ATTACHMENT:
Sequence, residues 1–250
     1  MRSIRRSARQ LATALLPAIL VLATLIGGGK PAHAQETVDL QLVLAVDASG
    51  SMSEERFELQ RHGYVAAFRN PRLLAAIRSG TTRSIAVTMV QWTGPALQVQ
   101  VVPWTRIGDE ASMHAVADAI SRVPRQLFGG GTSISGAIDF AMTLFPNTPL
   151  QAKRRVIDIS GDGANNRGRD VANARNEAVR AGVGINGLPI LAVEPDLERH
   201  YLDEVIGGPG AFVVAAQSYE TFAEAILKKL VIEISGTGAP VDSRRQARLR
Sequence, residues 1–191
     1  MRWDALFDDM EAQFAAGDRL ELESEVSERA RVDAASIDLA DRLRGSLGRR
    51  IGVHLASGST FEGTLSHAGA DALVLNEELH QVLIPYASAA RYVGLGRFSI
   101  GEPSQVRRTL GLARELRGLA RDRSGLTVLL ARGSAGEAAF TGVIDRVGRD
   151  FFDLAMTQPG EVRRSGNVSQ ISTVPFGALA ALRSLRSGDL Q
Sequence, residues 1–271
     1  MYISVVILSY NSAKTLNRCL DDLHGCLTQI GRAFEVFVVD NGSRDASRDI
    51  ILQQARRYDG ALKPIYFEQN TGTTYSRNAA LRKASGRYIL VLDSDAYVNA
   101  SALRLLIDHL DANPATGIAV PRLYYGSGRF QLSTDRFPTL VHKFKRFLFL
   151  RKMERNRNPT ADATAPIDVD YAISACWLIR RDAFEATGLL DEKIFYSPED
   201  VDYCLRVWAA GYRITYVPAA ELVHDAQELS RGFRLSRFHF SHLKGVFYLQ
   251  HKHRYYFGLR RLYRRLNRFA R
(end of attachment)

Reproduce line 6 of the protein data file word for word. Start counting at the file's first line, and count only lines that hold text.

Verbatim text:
   201  YLDEVIGGPG AFVVAAQSYE TFAEAILKKL VIEISGTGAP VDSRRQARLR